One example of incorporating PCK in my own teaching is in constructing individualized student learning plans for each of my students. As a distance learning teacher, I work with each student individually rather than offering a standard course or program. Conversations are held prior to the start of the learning year to design a student learning plan that consists of curriculum, resources, activities, etc. that cover the content area prescribed for the student’s grade level, but also adheres to the student’s interests, abilities, learning environment and effective ways of learning. Throughout the year, the student learning plan evolves as necessary, but again with the individual student’s needs guiding the changes. As students share their learning with me throughout the year, I provide specific feedback often suggesting areas that they can grow in their representation of ideas, as well as designing or recommending specific assignments to further their learning experiences. Although the forms of transformation may look different in a distance learning context, the process of moving from “personal comprehension to preparing for the comprehension of others” (Schulman, 1987, p.16) still occurs through preparation, representation, instructional selections, adaptations and tailoring. (Schulman, 1987).


Mishra, P., & Koehler, M. (2006). Technological pedagogical content knowledge: A framework for teacher knowledge. The Teachers College Record, 108(6), 1017-1054.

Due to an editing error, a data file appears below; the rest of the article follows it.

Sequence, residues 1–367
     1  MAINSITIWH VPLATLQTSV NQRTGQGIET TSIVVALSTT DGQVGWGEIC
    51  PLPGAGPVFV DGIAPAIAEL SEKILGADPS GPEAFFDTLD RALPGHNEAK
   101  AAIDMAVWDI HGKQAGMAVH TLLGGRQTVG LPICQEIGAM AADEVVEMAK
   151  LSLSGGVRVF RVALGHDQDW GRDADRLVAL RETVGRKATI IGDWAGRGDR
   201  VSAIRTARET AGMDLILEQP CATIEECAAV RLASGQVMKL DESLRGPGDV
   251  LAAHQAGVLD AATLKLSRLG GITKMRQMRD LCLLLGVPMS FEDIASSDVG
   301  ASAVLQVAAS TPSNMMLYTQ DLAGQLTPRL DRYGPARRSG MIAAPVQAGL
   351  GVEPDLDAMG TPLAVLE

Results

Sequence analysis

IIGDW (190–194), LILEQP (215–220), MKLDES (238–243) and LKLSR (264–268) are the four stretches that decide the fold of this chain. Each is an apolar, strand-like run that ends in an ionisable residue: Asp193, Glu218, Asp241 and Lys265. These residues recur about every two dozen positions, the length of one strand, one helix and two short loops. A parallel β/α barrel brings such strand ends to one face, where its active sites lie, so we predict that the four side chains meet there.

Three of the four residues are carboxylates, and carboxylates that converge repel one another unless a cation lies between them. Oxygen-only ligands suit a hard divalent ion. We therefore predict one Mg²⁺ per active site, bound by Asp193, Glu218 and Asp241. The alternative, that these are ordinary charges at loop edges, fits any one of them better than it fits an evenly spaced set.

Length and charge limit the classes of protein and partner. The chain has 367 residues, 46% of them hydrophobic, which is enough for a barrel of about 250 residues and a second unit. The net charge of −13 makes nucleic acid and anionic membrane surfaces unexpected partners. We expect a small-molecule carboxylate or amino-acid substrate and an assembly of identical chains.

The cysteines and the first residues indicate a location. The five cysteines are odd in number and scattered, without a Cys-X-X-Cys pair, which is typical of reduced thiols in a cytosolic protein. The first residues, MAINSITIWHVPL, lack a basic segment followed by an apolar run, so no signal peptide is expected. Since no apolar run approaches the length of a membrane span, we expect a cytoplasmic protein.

Shulman, L.S. (1986). Those who understand: Knowledge growth in teaching. Educational Researcher, 15(2), 4 -14.

Shulman, L.S. (1987). Knowledge and teaching. The foundations of a new reform. Harvard Educational Review, 57(1)1-23.


  1. Hi Jessica,
    I was curious (and exhausted) thinking about creating individual learning plans for each student. As a classroom teacher, I am required to create an Individual Education Plan (IEP) for any students in my class who are deemed exceptional in any area. This exceptionality could take any form. On average I would say I must create about 5-7 IEP’s each year. This includes the creation of goals and strategies, meeting with parents, and reporting on IEP goals on the regular report and the second term IEP. The IEP also includes next steps. I find this to be a daunting task. How many students do you create an IEP for in a distance learning class? Are they reviewed and updated during the term? Are reports based on the student’s individual plan? So many questions 🙂

    1. Thanks, Catherine, for all your questions. 🙂

      At my school, an IEP is only designed for students who are working more than one grade level below their assigned grade level. These IEPs are very specific to the student and evolve throughout the learning year. Adapted IEPs require students to meet the learning outcomes for the grade, but with adaptations i.e. a scribe, speech to text, audio books. Modified IEPs are designed for students who are not able to meet the learning outcomes for the grade level even with adaptations – their IEP may only include a few subject areas.

      My at-grade level students have a Student Learning Plan (SLP) designed for them. The SLP is also quite individualized, but students are all expected to meet the learning outcomes for the grade level in a wide variety of ways. Since the students are learning at home, a lot of their learning is parent-supported on a daily basis. Weekly communication is required, as well as weekly submission of learning samples. Reports are completed three times a year with tracking of learning content and competencies that have been accomplished during the previous term. My school is located in BC, and as the New Curriculum for BC has come into play for this year, individualized and inquiry-based learning is an underlying principal for planning and implementation. The inquiry-based focus has stretched some students this year, but the individualized aspect has been typical.